Office 2010 Technical Preview - why bother?

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Why the early Office beta isn’t worth getting.

Inevitably, the Office 2010 Technical Preview made it’s way onto the Internet – you can download it from many sites – but why bother?

Office Watch tries out early versions of Microsoft Office. We’ve done that for over a decade because it’s our job and our readers expect us to tell them the good and bad in upcoming incarnations of Office.

Just because we have to run software that hasn’t been released to the public, that doesn’t mean you should.

Microsoft is asking people not to install the current Office 2010 beta and is doing so using the tired old line that unofficial downloads might be infected with viruses. That might be true. The problem is that we’ve heard that same scare story from Microsoft so many times, over so many years. If Microsoft is worried about virus infection of their wares – they should look to reports of virus infection on new Windows XP netbooks.

Our reasons for recommending against installing the Office 2010 Technical Preview:


Technical Preview only lasts until July

In about two months there will be a more public beta release of Office 2010. It should be ‘feature complete’, more stable and a better gauge of how Office 2010 will work.


It’s not stable

Beta software always has problems – that’s inevitable with any software let alone something as complex as Microsoft Office. At worst software can crash or documents can be unreadable.

By all independent reports, the Office 2010 Technical Preview isn’t too bad but even so any beta software should be treated warily.


Feedback doesn’t help

There are mechanisms to send feedback to Microsoft from beta software, but don’t be under any delusions about how that feedback is handled. Beyond the usual platitudes, there’s almost no chance that individual suggestions or even complaints will make a difference to Office 2010.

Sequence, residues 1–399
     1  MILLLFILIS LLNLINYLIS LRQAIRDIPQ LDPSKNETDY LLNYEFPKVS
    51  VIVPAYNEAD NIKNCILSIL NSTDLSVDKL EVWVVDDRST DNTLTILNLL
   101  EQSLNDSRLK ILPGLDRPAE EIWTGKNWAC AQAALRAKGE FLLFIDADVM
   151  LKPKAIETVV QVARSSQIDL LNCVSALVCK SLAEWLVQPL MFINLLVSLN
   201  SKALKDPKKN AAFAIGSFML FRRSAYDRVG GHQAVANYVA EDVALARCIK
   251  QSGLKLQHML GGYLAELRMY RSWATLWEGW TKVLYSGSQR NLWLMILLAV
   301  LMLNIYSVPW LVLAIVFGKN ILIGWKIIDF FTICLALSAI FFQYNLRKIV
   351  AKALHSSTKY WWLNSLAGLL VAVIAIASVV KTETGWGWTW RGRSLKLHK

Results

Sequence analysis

At this stage in the development process, changes in features are rare, especially for the major apps like Word and Excel. Only major ‘issues’ are dealt with, and even then they have to be serious deal breakers. Most feedback is saved away and may be heeded for future development.

A good example of this is Outlook 2007. During a long beta process there was a lot of feedback about the performance of Outlook – all of which was ignored. It was only with Service Pack 2, two years after the public release of Office 2007, that those problems were addressed with debatable results.

An exception to this is OneNote – this nifty and, in our view, under-appreciated program is made by a clever group of enthusiastic people. We’ve seen good suggestions during a beta process implemented within weeks. However that’s the exception to the Microsoft rule.


It’s not that big a deal

Microsoft has a problem trying to discourage people from trying the Technical Preview while not downplaying anything new or interesting in an upcoming incarnation of Office.

It’s harder and harder to excite people about a new MS Office version; gone are the days of major and really interesting new features in Office. Office 2010 client software has ‘points of interest’ but nothing compelling so far.

The real interest will be in the web application versions of MS Office programs and they aren’t covered in the current Technical Preview.


Betas are a nuisance

Trying beta software might sound cool and exciting (in a geeky way) but it can be a pain.

Putting beta software on your main computer is asking for trouble – you need to run it on a non-vital computer, either virtual or physical.

Often there is no upgrade process from test software. You have to uninstall the software entirely, sometimes follow extra instructions then install a fresh beta release or released product.

There’s usually no clear and wholly reliable uninstall process – at worst you have to reinstall Windows from scratch to make sure all traces of the test software and settings has been removed.

Beta / Technical Preview software has no help or documentation – in using new or changed features you’re mostly on your own.


Better things to do with your time

All up we would hope that most people had better things to do with their time – walking, hug your kids, reading random WikiPedia pages, poking your eye with a fork – these and many other things are more interesting than running Microsoft beta software. Believe us – we have the grey hairs and blood pressure to prove it.

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